Fantastic Friday: The Blockchain Mine (OSE)

This blog post refers to this post by Skerples of the Coins & Scrolls blog. Go read it, it's fantastic. Equipment A mining rig consists of a mining pick, a lantern, a rope (50', hemp), a sack (small), and a backpack. An Adventurer can purchase one at any affiliated kiosk near the Blockchain Mine at the price below; the added cost includes fees for AdventureGild ® certification of the durability and quality of the elements of the pack. A High-Quality ® mining rig consists of two pickaxes made of Mythryl ®, a lantern (bullseye), a rope (50', free-range organic hemp), a sack (large), and a backpack with a patch certifying it is a High-Quality ® item, making you the envy of other Adventurers. An Enchanted ® mining rig consists of the same gear as the High-Quality ® pack, but the pickaxes are enchanted with Nystul's magic aurum  ®; the sparkling gold sheen provided by the enchantment displays to all the magical nature of the pickaxes, which guarantees they will be use

Fantastic Friday: Probability Distribution

One of  areas which all role-playing games share (as opposed to, say, story games) is some amount of random chance affecting things. Some games have randomly-generated characteristics used to define a character. Even in games where characters aren't randomly-generated at all, dice are used in determining the results when a player attempts to overcome a challenge where the outcome (one way or the other) is not guaranteed. For many years in the early days of the RPG hobby, most games used random numbers for character generation. Since there was a dearth of material for any one game (even the big dog in the early days, TSR, didn't originally produce scenarios -- the first scenario produced for D&D was by a company called Wee Warriors), many hobbyists converted material back and forth. This is simple to do if you're handy with math, and trivial now, when there are websites where the computer will do the work for you . I was reading an article by Graeme Davis from Imagine #

Wondrous Wednesday: Graffiti Bottle & Censor of Controlling Air Elementals (D&D 5E)

Today's items come from "Still More [Gods Forbid] Out-rages From the Mages," by John M. Maxstadt from Dragon  #144 (April 1989). In their original form the joke really only works if the items are found together. I think there's the germ of some interesting usability hiding in these jokes, and with a little work I think the following retain humor while being potentially useful in a few edge-cases in games.

Monstrous Monday: Rug of Mothering (D&D 5E)

 Another one from Mr. Maxstadt. I like the idea of giving some character to monsters, and this is a very flavorful cursed version of the rug of smothering . Rug of Mothering Would-be independent adventures prepare for thrilling heroics, only to end their peace of mind prematurely as the rug be-neath their feet animates and smothers them – emotionally.    A rug of mothering can be made in many different forms, from a finely woven carpet fit for a queen-mother to a coarse mat from a peasant matron's hovel. Creatures with the ability to sense magic detect the rug's false magical aura of transmutation magic.    In some cases, a rug of smothering is disguised as a carpet of flying or another beneficial magic item. However, a character who stands or sits on the rug, or who attempts to utter a word of command, quickly finds that it forms an emotional attachment to them. Once the rug has formed an attachment to a character it will always be found somewhere about their person or their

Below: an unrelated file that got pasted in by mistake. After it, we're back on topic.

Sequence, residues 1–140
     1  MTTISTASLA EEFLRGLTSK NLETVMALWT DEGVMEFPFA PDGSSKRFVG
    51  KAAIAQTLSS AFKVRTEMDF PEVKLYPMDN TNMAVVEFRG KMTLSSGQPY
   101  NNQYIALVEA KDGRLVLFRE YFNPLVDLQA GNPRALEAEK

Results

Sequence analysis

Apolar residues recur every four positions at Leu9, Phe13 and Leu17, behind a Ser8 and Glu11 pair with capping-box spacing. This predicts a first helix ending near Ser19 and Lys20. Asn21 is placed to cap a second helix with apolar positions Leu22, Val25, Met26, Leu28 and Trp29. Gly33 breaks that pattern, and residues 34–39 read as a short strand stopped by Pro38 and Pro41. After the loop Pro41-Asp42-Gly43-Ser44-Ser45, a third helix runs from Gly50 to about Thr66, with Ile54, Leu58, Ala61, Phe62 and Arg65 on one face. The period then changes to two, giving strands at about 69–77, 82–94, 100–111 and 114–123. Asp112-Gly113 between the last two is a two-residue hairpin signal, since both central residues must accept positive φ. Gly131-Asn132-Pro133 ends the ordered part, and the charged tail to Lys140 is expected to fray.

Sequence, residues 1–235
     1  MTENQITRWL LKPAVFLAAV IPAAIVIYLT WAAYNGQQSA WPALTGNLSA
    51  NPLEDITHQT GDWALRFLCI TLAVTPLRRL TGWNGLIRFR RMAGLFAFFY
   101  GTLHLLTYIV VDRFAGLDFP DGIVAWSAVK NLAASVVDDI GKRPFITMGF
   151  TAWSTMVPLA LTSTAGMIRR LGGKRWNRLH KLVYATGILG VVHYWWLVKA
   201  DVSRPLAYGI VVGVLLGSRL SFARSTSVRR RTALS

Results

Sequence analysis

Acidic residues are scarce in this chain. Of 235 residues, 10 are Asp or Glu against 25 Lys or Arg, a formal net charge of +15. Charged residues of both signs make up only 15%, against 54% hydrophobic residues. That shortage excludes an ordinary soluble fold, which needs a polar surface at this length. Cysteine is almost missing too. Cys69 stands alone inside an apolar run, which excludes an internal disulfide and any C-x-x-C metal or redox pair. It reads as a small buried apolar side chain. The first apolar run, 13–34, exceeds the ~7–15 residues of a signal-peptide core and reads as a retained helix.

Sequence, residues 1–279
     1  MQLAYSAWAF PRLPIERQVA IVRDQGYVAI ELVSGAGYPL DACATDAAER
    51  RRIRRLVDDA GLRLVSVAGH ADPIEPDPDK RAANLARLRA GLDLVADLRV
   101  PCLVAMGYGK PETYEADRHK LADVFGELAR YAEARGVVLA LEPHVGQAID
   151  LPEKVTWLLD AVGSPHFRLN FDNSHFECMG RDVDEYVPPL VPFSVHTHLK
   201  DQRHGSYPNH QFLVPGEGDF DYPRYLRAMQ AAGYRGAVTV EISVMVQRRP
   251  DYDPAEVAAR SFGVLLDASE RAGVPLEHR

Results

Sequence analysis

Wondrous Wednesday: Omelet of the Planes and Pipes of the Brewers (D&D 5E)

Two food-related items today. 

Monstrous Monday: Unicow (D&D 5E)

Today's monster comes from the Dragon #156 article, "(Not Necessarily the) Monstrous Compendium." Submitted by Sharon Jenkins, I think it's an interesting low-level celestial you can put into a module and not worry about it single-handedly taking on an encounter. I've had players convince unicorns to do their dirty work, and while it's a valid option for PCs, I don't mind having a noncombat alternative. The unicow is not nearly as potent as its more famous cousin, while still providing a healing respite for the party—but it's not going to tank the Big Bad on their behalf.

Fantastic Friday: Humor Articles in Dragon (and other) Magazines

Back in the day of the dead-tree print edition of Dragon magazine, there were always two themed issues every year: every October issue was horror-themed and every April issue was humor-themed. They got a lot of pushback on the humor, so over time the joke articles died out, but I think there's a lot of gamable content in those, and most of them are only slightly more ridiculous than a game that already has a floating eyeball monster and fourteen different types of polearm. As far as I can tell, here's a list of the humor articles in Dragon , Dungeon , The Strategic Review , and Polyhedron . As I find others, I'll add them in. Year Mon Periodical # Article Author Pgs Notes 1975 Aut The Strategic Review V1 #3 Monster Reference Table Addition, Hostile & Benign Creatures Wesley D. Ives 3 Monsters: buydras , drolls , green granules, grifferees , hippygriffs , hobnoblins , umpyrs , wer